Disgusting is the only appropriate word to qualify Thursday’s GOP debate. In what was a new low even for him, Donald Trump bragged about the size of his penis while bobbing and weaving his way through every substantive question posed by the moderators.
Disgusting and worrisome when you realize this crass con artist is –and seemingly will remain—the favorite to win his party’s nomination.
Watching the debate was watching the unraveling of the Republican party, a reality show that must have submerged the party elite even deeper into a state of uncontrollable panic.
These are desperate times for the GOP establishment, and they call for desperate measures. What to do to stop Trump? Since no one thinks that Marco Rubio or Ted Cruz, not to mention John Kasich, can capture on their own more delegates than Trump, the new strategy is to gather enough delegates among all of them as to deny the front runner a majority. That way, the nominee will be chosen at the convention.
This extreme scenario seems to have enticed Mitt Romney to come out of the woodwork. In a classic case of the pot calling the kettle black, the twice defeated presidential contender, all moral indignation and patriotic concern, took a rare step: He delivered a blistering attack on his party’s current frontrunner.
Trump is “a phony, a fraud,” Romney said at the University of Utah on Thursday. “His promises are as worthless as a degree from Trump University.”
Except for his hypocrisy, Romney was absolutely correct. Supported by the likes of John McCain, he was expressing the views of the Republican establishment, although he is not that different from the obnoxious New York billionaire.
Four years ago the former governor of Massachusetts campaigned on an extreme anti-immigration platform (remember self-deportation?), a rabid anti-labor agenda and the expressed intention to gut Medicare in the name of balancing the budget. At the same time, he vowed to preserve tax cuts and all kinds of privileges for those who, like him (and Trump), possess insane oodles of money.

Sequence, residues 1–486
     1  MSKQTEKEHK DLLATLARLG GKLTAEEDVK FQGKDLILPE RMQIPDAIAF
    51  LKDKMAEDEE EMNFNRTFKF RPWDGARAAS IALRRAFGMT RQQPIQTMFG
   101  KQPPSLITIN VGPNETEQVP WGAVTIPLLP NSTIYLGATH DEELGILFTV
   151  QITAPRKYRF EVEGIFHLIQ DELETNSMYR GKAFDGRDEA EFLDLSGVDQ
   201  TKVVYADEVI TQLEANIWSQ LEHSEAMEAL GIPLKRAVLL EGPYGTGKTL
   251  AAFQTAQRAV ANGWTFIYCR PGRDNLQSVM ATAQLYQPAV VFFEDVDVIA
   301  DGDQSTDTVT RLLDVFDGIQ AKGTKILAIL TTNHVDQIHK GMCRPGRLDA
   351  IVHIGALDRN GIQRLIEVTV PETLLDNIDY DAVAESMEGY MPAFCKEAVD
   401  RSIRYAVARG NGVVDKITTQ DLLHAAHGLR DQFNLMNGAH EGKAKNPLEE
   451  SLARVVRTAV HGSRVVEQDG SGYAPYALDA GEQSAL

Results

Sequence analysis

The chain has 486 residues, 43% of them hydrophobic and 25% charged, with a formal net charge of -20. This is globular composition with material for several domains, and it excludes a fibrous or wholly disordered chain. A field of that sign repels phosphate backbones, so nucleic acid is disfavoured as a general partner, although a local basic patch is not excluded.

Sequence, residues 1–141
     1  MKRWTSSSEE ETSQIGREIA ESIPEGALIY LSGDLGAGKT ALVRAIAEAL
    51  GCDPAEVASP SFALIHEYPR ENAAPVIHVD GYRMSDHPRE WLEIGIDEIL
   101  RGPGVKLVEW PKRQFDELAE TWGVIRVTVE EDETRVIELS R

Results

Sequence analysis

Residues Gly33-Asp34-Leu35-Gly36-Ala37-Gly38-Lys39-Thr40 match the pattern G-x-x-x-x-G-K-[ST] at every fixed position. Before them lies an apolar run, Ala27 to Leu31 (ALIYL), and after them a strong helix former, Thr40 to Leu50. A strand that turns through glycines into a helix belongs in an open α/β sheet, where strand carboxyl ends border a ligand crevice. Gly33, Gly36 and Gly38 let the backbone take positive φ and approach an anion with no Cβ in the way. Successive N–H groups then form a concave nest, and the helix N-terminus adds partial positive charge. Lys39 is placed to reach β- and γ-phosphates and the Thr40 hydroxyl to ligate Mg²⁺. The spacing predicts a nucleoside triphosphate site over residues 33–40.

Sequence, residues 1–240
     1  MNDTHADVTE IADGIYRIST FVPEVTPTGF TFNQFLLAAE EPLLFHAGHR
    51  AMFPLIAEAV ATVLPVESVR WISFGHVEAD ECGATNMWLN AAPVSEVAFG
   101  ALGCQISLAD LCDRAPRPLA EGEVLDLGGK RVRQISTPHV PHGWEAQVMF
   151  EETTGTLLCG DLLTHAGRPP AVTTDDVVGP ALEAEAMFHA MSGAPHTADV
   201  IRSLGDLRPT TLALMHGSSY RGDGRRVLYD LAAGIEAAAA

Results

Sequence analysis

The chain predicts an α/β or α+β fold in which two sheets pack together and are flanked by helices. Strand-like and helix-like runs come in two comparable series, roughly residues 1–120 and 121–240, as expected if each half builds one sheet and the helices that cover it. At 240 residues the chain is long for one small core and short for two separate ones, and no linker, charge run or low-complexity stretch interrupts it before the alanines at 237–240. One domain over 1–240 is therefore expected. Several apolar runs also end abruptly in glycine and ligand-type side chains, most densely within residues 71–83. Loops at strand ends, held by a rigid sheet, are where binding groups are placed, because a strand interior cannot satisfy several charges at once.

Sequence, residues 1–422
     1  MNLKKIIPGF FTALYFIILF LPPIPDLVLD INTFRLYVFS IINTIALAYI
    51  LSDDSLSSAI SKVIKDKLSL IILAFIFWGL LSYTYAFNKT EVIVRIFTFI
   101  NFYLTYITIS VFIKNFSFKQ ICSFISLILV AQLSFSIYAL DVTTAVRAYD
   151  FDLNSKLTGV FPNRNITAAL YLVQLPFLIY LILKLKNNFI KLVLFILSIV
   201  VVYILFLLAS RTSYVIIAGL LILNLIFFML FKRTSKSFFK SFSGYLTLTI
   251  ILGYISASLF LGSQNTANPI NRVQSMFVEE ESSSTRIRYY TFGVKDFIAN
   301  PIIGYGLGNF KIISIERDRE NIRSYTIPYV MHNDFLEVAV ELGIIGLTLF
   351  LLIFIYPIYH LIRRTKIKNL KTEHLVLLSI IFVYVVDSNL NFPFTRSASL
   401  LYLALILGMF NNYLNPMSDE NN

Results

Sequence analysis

The newly outraged Romney must have experienced a recent epiphany. The Trump he was putting down a few days ago, could not be the same he adoringly thanked when running against Barack Obama.
“For anyone with a short memory,” said Washington journalist Patricia Guadalupe, “four years ago Romney went out of his way to get a Trump endorsement, flying out to meet him, embracing him, saying pretty things about him, and picking up a big fat check. Someone should ask him if he is going to return the check.”
Pretty things such as calling Trump's support "a delight" in a Las Vegas press conference.
Unthinkable as it may be, with his speech, Romney, who four years ago said “I wish I were Latino” to ingratiate himself with Hispanic voters, could have been trying to position himself to become the Republican standard bearer during the party convention.
Just imagine Romney –who usually generates as much fervor in his audiences as a dentist’s drill— as a third time presidential contender.
The last nail in the GOP coffin.